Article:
The difference with 9th graders.

Man. I was so excited to see how quickly my seniors ran with Edmodo yesterday, but my frosh brought me back down to earth. They are just so much younger. I should have taken the advice I saw on the Edmodo blog and given them all “read only” status to start. With the ability to post a note to the whole class, many students couldn’t resist merely typing the word “poooooooooooop” over and over again. Sigh.

It is amazing, though, to think of all that growth and maturity that happens in these three short years, for most kids. And that, then, hammers home the sometimes-crushing feeling of responsibility to make sure that said growth really does happen, and that our students grow in a positive direction.

Also, I have a lot of 9th graders who don’t have computers or internet at home, so I won’t be able to make online homework the only option. That’s okay, I think. I’m afraid, though, of those students feeling left out when we might look at work other students have done online (which is so much easier to look at as a class with the projector).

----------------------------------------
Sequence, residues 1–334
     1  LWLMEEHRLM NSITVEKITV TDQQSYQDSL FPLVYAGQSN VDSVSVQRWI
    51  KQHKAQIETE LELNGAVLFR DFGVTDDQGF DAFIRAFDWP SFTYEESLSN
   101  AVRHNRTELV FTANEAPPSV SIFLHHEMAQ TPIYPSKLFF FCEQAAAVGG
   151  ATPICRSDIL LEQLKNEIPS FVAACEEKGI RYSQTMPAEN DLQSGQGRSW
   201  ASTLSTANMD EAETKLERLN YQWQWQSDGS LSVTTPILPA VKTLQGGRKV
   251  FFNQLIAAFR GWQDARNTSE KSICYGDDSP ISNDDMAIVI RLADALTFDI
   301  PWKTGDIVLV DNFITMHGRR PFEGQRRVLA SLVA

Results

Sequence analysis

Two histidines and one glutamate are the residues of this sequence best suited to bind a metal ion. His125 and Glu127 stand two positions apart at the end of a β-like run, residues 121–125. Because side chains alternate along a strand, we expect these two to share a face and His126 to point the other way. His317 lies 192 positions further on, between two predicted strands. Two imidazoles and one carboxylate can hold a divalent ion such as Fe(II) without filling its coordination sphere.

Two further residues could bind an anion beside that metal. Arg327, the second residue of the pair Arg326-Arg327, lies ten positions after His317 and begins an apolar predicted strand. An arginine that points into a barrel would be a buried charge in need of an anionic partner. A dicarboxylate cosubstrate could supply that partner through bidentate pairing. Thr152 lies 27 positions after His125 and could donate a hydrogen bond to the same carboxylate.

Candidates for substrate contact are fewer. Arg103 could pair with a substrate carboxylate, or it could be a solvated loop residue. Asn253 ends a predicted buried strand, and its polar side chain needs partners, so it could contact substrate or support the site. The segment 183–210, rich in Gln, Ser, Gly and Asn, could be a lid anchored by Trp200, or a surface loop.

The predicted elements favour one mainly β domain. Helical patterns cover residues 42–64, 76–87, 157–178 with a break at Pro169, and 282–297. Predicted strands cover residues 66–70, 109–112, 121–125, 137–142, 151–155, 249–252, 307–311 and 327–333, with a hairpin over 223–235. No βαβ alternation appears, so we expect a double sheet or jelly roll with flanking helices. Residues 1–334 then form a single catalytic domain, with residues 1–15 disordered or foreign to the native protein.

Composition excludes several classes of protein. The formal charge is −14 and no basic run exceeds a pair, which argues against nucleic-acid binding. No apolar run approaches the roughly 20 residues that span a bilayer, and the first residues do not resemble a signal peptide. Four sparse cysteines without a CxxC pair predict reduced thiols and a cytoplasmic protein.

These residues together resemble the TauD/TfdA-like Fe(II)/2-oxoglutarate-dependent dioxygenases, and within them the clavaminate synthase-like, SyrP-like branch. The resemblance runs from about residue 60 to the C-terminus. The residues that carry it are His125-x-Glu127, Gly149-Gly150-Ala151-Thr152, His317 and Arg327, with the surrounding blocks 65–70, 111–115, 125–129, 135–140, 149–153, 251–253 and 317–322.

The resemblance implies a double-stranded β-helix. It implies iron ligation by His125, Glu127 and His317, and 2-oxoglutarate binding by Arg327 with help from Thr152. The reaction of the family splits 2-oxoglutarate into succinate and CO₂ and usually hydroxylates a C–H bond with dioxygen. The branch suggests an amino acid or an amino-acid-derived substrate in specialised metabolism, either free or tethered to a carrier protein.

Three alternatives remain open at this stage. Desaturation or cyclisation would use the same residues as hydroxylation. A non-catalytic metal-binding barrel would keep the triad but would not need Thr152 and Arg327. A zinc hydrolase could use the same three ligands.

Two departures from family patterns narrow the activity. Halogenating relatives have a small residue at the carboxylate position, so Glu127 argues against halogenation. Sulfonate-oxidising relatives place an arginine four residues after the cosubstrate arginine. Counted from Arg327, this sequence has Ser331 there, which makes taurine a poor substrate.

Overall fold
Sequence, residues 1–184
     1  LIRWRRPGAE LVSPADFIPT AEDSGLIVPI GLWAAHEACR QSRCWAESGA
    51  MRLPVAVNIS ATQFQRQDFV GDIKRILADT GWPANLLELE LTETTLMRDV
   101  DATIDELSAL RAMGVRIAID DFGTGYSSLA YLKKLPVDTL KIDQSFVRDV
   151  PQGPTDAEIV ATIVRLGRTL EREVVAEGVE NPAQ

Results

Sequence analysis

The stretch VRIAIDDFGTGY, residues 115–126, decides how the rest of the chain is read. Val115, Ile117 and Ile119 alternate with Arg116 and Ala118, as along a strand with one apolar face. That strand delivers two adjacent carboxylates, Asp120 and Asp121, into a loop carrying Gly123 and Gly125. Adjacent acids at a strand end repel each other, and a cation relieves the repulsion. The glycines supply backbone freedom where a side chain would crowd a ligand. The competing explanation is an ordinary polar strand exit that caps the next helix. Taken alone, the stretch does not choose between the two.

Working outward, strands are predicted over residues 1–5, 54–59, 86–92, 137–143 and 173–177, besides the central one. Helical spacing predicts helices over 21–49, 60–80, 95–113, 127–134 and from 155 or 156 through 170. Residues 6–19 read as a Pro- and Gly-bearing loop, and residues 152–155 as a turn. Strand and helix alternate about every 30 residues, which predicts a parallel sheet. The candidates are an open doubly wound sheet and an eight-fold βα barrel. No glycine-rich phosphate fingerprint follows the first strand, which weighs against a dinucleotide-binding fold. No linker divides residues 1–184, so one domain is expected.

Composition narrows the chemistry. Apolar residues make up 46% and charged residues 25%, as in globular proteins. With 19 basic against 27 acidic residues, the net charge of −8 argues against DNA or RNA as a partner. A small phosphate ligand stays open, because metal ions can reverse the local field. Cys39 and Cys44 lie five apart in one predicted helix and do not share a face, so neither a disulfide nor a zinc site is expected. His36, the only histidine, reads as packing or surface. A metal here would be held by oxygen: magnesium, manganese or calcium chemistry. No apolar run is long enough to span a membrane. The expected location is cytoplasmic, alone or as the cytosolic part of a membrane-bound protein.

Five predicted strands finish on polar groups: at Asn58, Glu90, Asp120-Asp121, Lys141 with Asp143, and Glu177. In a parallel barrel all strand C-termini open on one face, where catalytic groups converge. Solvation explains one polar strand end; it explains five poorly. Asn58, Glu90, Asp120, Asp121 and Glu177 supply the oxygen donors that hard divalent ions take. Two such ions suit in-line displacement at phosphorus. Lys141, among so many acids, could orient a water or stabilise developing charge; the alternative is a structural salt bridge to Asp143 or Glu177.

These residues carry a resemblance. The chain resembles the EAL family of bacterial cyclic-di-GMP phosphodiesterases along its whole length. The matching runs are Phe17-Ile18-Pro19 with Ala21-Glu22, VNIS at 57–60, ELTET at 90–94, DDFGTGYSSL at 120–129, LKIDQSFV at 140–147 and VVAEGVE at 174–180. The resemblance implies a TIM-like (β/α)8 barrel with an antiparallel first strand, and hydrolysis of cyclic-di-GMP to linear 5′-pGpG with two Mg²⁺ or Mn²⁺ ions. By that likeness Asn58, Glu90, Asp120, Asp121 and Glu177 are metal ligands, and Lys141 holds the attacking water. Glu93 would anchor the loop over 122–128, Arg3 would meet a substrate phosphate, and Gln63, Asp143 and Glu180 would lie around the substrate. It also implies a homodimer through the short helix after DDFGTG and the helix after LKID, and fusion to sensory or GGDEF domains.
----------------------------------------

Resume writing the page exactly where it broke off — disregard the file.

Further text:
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  1. #1 by Andrew on September 4, 2011 - 2:42 pm

    I wonder if you can somehow harness the scatological interests of these kids? I occasionally get some flack for it, but I often dive right into this stuff with my eighth graders. There are so many fabulous examples of potty-humor from real literature. Last year, for example, we read the Sedaris essay, “Big Boy,” about being stuck in a bathroom with an un-flushably huge poop. Hysterical no matter how old you are, and I think it was a real eye-opener for the kids to see that grown-ups write about this stuff and think it’s funny. When it was no longer off-limits, they were much less obsessed with just saying the words and giggling.

  2. #2 by yoni on September 6, 2011 - 12:57 pm

    Great idea. And now I know whom to look for when I need advice diving into scatological interest.

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